The Harvard Club of Rochester, N.Y., is feuding with the Harvard Club of Syracuse N.Y.
As Christopher D. Rider '57, president of the Rochester club, explains it, the two clubs collaborated two years ago to rent a tent for the Cornell game in Ithaca, N.Y. It poured the day of the game, and many expected guests failed to show--including the members of the Syracuse club. "They seem to be a very nebulous club; we couldn't find their core," Rider says, and the Rochester contingent was left with the rain, the tent, and, it seems, the tab.
Typically, however, instead of feuding, members of the Harvard Club of Rochester and similar clubs socialize, raise money for Harvard, and aid the College's admissions office.
In a metropolis like New York or Boston, where thousands of students apply for admission and thousands of alumni are concentrated in a small area, a network of committees constantly in contact with Harvard performs the University's local work. In rural areas, high school students apply on their own initiative and the quiet alumnus can remain happily off the fundraisers annual rounds if he wants to.
Smaller cities, like Rochester (population 300,000 or so), fall uncomfortably between--they have too many high school students and alumni to ignore, but often too few to warrant extensive ministrations from Cambridge. "It's unclear whether we're considered part of the big Northeast area or the boondocks--I guess we're the middling boonies," says Harry P. Trueheart III '66, chairman of the schools and scholarships committee of the Rochester Harvard Club.
That club, with a mailing list of about 1300 alumni and 250 dues-paying members, is Harvard's most visible intrusion on life in Rochester. The club holds parties for alumni and students, supports a $5000 scholarship for one home-town student, and acts as the admissions office's eyes and ears in the area.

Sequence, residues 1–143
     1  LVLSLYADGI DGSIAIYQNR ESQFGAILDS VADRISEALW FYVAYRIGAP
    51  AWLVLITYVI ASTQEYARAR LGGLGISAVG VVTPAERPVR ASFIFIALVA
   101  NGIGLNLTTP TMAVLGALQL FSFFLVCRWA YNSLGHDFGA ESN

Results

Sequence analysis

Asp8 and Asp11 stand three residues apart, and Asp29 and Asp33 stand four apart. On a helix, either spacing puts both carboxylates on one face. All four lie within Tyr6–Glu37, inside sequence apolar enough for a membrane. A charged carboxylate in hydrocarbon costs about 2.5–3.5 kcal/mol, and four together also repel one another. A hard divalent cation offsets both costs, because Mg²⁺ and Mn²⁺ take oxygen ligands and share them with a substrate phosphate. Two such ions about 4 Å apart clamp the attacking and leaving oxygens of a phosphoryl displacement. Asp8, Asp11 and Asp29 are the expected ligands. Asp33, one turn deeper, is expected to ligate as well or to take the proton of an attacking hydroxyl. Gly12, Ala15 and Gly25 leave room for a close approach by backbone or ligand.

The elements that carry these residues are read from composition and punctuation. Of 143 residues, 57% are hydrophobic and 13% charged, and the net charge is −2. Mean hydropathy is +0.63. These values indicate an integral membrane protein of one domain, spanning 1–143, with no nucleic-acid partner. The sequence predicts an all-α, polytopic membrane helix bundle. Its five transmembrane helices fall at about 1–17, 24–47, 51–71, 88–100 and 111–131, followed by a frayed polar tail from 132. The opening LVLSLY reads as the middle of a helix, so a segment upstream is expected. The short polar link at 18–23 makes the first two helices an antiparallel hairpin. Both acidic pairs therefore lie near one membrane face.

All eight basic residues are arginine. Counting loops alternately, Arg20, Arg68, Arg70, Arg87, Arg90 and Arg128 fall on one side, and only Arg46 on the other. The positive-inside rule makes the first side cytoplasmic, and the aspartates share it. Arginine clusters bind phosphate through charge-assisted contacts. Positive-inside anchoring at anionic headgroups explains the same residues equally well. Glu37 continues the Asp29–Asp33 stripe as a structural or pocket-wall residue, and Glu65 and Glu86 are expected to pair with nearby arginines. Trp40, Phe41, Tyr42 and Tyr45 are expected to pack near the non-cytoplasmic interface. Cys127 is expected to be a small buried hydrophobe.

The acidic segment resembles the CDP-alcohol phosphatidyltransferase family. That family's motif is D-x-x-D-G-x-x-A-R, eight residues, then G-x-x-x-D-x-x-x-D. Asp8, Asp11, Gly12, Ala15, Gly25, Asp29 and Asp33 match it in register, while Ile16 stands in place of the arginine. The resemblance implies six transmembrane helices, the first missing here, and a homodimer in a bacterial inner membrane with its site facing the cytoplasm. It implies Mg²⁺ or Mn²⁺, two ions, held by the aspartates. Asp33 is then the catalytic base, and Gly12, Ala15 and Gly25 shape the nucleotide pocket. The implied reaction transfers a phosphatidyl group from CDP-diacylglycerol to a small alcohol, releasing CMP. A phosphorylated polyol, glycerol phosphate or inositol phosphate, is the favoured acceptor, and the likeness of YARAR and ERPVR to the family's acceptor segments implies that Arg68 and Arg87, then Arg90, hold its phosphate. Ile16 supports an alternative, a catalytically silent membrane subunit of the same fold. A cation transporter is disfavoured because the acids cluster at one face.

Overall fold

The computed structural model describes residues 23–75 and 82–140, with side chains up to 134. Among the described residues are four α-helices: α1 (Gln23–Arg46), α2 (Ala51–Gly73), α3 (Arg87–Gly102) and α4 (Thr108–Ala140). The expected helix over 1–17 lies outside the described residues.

"We see admissions and school work as our main reason to be," Rider says. The committee Trueheart heads interviews applicants and meets with interested students to answer questions about Harvard. "It's not exactly recruiting--if you recruited 50 applicants and only five were accepted, that wouldn't spread much goodwill," he says. The admissions office has no quotas for regions or cities, but Trueheart says there are general "traditions" that usually govern the number of applicants accepted from a city--recently it's been about seven a year from Rochester.
The admissions and scholarship work is serious business, but for most people, Harvard Clubs primarily mean cocktail parties. Rochester has no separate building for its Harvard Club like the New York City club's luxurious midtown quarters, so its alumni use prestigious local clubs like the Genesee Valley Club for their functions. The Harvard Club sponsors a getaway picnic," a freshman upperclassmen party, a Christmas luncheon, and a winter outing each year.
"We get 30 or 40 people at each of our functions, but they're usually a different 30 or 40," Trueheart says. "The club reflects Harvard--it's very plural. There are a lot of different, individual people, with very distinct interests."
The composition of the club hasn't changed much over the past couple of decades--it remains mostly lawyers, doctors and businessmen. The reasons one alumnus joins the club and another stays away are varied, but alumni in the area agree there is no tight-knit Harvard community. "Just because you're a Harvard alumnus doesn't mean you're any more likely to get to know, or to want to know, other Harvard alumni than you wanted to know the guy across the hall in Winthrop House," Trueheart says.
He adds that graduates of the College tend to be more active and interested in Harvard's local affairs than graduate school alumni.
Each local Harvard club has a character determined by the people most active in it. William D. Rice '56, a Rochester businessman, tells of his visit to the Harvard Club of Buffalo, N.Y. "Buffalo is supposed to be friendly, and Rochester, people say, is stuffy," he says, but when he walked into a Buffalo party no one spoke to him for 45 minutes. Finally he approached the one friendly-looking face in the crowd, but it turned out to belong to a visiting Princeton alumnus.
"I walked in here in Rochester expecting the same thing, but Russ Sibley [an active alumnus] was standing outside--he put a drink in my hand, got me talking to four other people, and was back outside again before I knew it," Rice says.
If alumni keep in only sporadic contact with each other, their contacts with the Cambridge campus are even more intermittent. Most receive all their Harvard news from Harvard Magazine; the officers of the club also receive the Gazette, and Rider travels to Harvard each October for alumni gatherings.
"Most of what I hear just confirms my suspicions that little has changed in the 15 or 20 years since I left," Rice says.